It was not supposed to happen. Incumbent New York Congressman Joe Crowley—the head of the Queens County Democratic Party machine, slated to replace Nancy Pelosi as Speaker of the House, should the Democrats retake the majority—was soundly defeated by Alexandria Ocasio-Cortez, a 28-year-old activist who identifies as a socialist and is a member of DSA.

Yesterday, on 2 July, there was massive participation in the Mexican general elections, in which there were 18,229 public positions at stake. However, by far the most important was the presidency. With more than 89 million voters registered, the level of participation – according to the available data – was one of the highest in the history of Mexico.

Italy’s public debt stands at a staggering €2.3tn, or 132 percent of GDP: the third largest in the world after Japan and Greece. Furthermore, Italy’s banks hold the largest share of Europe's non-performing loans, totalling €224bn. Unlike Greece, which is a relatively small player in Europe, Italy has the third-largest economy in the Eurozone, contributing more than 15 percent of its overall GDP. Italy has now become a huge risk to the financial stability of the whole of the European Union.

The British National Health Service (NHS) turns 70-years-old this year, on 5 July. Festivities are planned across the country to celebrate perhaps the greatest achievement of the 1945 post-war Labour government. And rightly so. The NHS continues to provide care free at the point of delivery. It is, in essence, the embodiment of a socialist approach to healthcare: free and universal.

In the latest episode of IMTV – the International Marxist Television channel, hosted by our British section, Socialist Appeal– our guests look back over a busy year for student and labour activists on UK campuses. Earlier this year we saw the largest ever strike by academic staff in the University and Colleges Union (UCU), who took action over cuts to pensions.

The current crisis of capitalism has had huge consequences for ordinary people, with dramatic falls in living standards, increased job losses and severe welfare cuts. Working-class women are being particularly hard hit by this crisis, facing stagnating wages in already low-paid jobs and often having to bear the brunt of austerity cuts to public services and welfare. Since 2010, 86 percent of Tory cuts in Britain have been targeted at jobs and services that are dominated by women.

Earlier this year, the Trump administration laid out its proposed 2019 budget. Although it sets out increased spending to address the national opioid epidemic, it includes drastic cuts to national public assistance programs such as SNAP (food stamps), Medicaid, and Section 8 public housing. This will strike a major blow at millions of families whose main source of security is through Electronic Benefit Transfer (EBT) and other forms of public assistance. Given the stricter eligibility guidelines and $213bn in cuts over the next ten years—30 percent of current levels—some four million Americans will immediately lose access to SNAP benefits.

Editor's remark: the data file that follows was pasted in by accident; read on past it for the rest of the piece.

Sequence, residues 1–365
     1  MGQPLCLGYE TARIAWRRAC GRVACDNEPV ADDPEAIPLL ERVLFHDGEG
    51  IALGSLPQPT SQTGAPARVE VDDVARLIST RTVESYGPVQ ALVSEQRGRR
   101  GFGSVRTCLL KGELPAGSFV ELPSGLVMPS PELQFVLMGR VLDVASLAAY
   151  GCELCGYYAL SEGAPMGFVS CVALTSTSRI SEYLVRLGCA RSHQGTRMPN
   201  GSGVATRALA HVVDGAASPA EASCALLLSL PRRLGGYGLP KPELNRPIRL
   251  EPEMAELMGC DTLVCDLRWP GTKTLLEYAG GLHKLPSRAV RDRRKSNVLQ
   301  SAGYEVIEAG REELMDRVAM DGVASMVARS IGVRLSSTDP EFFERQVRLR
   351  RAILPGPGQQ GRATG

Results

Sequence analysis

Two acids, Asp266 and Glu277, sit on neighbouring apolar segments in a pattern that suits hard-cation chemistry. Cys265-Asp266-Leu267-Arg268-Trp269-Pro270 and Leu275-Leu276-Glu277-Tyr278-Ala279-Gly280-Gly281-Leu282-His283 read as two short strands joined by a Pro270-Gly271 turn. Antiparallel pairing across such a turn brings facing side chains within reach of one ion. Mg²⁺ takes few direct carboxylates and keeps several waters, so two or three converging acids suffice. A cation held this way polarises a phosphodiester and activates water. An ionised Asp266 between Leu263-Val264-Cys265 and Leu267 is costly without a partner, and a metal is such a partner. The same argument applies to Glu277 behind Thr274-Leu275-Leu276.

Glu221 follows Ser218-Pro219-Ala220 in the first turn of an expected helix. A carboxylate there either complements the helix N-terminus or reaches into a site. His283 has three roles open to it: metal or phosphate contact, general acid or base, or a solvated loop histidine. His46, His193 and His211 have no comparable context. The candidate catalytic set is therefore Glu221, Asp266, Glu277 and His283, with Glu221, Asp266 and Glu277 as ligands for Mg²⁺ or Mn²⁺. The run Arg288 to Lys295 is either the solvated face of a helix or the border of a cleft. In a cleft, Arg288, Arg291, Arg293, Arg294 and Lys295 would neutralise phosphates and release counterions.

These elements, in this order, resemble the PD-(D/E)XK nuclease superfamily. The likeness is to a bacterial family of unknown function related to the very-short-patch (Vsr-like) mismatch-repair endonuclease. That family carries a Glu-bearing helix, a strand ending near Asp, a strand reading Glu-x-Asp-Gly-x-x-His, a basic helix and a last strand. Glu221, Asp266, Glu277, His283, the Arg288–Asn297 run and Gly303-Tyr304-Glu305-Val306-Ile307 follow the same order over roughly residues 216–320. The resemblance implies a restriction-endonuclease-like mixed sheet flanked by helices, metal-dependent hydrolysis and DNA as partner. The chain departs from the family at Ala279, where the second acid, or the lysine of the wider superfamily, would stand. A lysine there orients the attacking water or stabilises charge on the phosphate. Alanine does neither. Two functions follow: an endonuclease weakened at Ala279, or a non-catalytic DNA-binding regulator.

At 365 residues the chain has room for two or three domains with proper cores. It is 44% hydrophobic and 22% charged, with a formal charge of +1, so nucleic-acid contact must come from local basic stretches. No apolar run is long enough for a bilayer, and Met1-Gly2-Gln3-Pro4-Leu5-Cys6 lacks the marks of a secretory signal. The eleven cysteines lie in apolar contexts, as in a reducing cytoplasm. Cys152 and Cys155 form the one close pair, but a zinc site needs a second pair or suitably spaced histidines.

After days of fraught negotiations, Theresa May survived a crunch Brexit vote in the House of Commons on 20 June, which had threatened to bring the simmering civil war in her party to a head. But this most recent compromise will only prepare an even deeper political crisis in future.

Over the past weekend, nearly 2,000 people arrived in Spain by sea, most travelling in totally inadequate boats for the journey, risking their lives in the process. The vessel Aquarius drew media attention after the newly installed president, Pedro Sánchez, decided to allow its passengers in after Italy refused to let them shore up. The ship was carrying 629 people, 123 of them under 18, who were mainly travelling on their own.

The second round of the presidential election in Colombia on 17 June delivered a victory for the right-wing, reactionary candidate, Ivan Duque (backed from behind-the-scenes by former-president, Alvaro Uribe), who received 54 percent of the vote (10m votes). However this was the first time in history that a candidate attacked by the ruling class as a dangerous “Communist”, Gustavo Petro, made it to the second round, and he received a very respectable 42 percent (8m votes).

As the Chinese Communist Party acts more confidently on the international stage than ever before, the Chinese working class is starting to chafe against the harsh realities of capitalism. Since May, there have been three high-profile, cross-country strikes started by crane operators, fast food delivery workers, and most recently truckers. Although the strikes were small in relation to the general working class, the workers’ ability to organize across several major cities indicates that a layer of the Chinese working class is being pushed into struggle.

20 years ago, a regime that seemed unmoveable, that had ruled for decades, while standing on the bones of millions of people massacred between 1965-66 and with its police and soldiers present at every corner, collapsed in the blink of an eye. On 21 May 1998, all over Indonesia, on TV and radio, a voice familiar to the ears of 200 million people proclaimed: “I have decided to declare that I have ceased to be the president of the Republic of Indonesia.” The people cheered and a new chapter in the modern history of Indonesia opened.